“Great Replacement” is trying to make foot soldiers for someone else’s war.
My neighbor, Brian, was leaning on the chain link fence that divided our yards as I mowed. I liked Brian. He was affable, gregarious, and had helped me change my tire once. An over-the-road trucker, Brian made more money than most of the people on our block, but he paid for it in long weeks away from home and a bad back.
Our conversation seemed unremarkable, common even. We complained about our greedy bosses, bad wages, and long hours — similar conversations might well have been happening in yards all across our neighborhood. But then Brian leaned in towards me, lowered his voice and said: “There’s going to be a race war.”
I wish I could remember how I responded. I hope it was something smart, something that shut him down or shifted his world view, but honestly I was so shocked I may have just gone back to mow my lawn without saying a word.
I stopped being friendly with Brian. I knew that foul and bigoted ideas like “race war” existed, but mostly in the margins — the stuff of neo-Nazi skinheads and white power bands. It was 2006 and ideas like Brian’s were considered extreme and gross.
Fast forward to today and those same ideas are being mainstreamed in dangerous ways — with murderous results. Four times in as many years, the “great replacement” conspiracy theory has motivated acts of far-right terrorism, including the massacres at Christchurch, the Tree of Life Synagogue, the El Paso Walmart, and, now, at Tops Supermarket in Buffalo.
The suspect in Buffalo left behind a 180 page screed riddled with references to the “great replacement.” Notably, most of his racist spouting don’t appear to be his own. Huge sections of his “manifesto” are copied and pasted from the internet.
What does it mean that an 18-year-old will end the lives of 10 people and ruin his own for borrowed and plagiarized racist conspiracy theories? For poor and working people (and for an enormous swath of the precarious middle class) the “replacement” of white people is being marketed as the reason for our uncertain jobs, dicey savings, and wages that barely cover rent. These conspiracies are not logical or organic explanations for our woes, but they are predatory and plundering.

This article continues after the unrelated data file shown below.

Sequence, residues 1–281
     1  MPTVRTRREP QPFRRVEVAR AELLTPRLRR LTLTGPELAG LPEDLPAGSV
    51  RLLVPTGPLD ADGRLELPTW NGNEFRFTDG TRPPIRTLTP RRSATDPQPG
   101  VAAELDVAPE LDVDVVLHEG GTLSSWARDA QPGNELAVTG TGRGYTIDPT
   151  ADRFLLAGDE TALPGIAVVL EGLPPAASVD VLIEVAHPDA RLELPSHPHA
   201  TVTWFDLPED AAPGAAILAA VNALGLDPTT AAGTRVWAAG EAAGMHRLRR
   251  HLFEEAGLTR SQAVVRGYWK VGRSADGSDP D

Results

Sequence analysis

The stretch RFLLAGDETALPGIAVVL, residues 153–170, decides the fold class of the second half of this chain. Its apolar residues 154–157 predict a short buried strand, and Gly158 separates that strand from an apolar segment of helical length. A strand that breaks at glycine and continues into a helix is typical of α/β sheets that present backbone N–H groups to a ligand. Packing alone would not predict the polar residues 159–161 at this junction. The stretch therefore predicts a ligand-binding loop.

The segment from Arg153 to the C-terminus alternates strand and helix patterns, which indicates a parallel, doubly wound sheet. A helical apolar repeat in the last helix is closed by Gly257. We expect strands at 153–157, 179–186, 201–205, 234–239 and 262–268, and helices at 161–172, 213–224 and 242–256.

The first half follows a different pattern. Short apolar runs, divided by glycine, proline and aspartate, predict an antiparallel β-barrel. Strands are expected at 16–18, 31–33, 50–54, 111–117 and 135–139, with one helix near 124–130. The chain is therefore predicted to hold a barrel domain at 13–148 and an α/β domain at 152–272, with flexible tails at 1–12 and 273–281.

Today, politicians are exploiting a diversifying country to scare white Americans. In 2016, Michelle Bachman said: “This is it. This is the last election… It’s a math problem of demographics and a changing United States.” In 2017, Steve King said “We can’t restore our civilization with somebody else’s babies.” In 2019, Dennis Baxley said of immigrant’s children: “You see that there are long range impacts to your society when the answer is to exterminate.” In 2020, Trump claimed the election was rigged with “illegal immigrant voters.” Huge amounts of corporate money is backing these “replacement theory” politicians and the pundits echoing them (Facing South, May, 2022).
No one has done more to push replacement theory into the mainstream than Fox News’ Tucker Carlson. “I know that the left and all the little gatekeepers on Twitter become literally hysterical if you use the term ‘replacement,” Carlson said last year, “If you suggest that the Democratic Party is trying to replace the current electorate, the voters now casting ballots with new people, more obedient voters from the third world. But they become hysterical because that’s what’s happening actually.”
But when Tucker Carlson talks about “replacement” he isn’t fretting about the instability working people — people of all races– are feeling. He’s worried about his own power and the power of people like him who’s wealth and careers rely on a divided working class. He’s cynically deploying conspiracy theories to make foot soldiers for his own interests– not for ours. It was the plantation owners who stood to gain the most by racialized politics in the 1800s, just as it’s the mega-rich and corporations who will gain the most by our destructive tendencies today.
The “migrant caravan” coming towards the border, the “immigrant invasion,” the uproar over Critical Race Theory, statistics circulating about white people becoming a minority– all of this only matters if you think that race is the only thing we have in common. But if we consider our most basic needs– things that are increasing out of reach like healthcare, decent education, good jobs, a healthy environment, affordable housing– then we can understand that deepest connection we have to each other is class. My old neighbor Brian and the terrorist in Buffalo have more in common with who they believe they are at war with than they do with the people — and politics — that turned them out to fight.
The good news is also the bad news: Poor and working class people will never become a minority in this economic structure. Marked by ever increasing inequality, our economy creates very few winners but an incredible number of “losers’ (WEF, 2021). Tucker Carlson stands to lose everything as demographics shift, but working class people have everything to gain. We never have to worry about being “replaced.” Across race, working people are the vast, vast majority. We need to wield, not destroy, our collective power.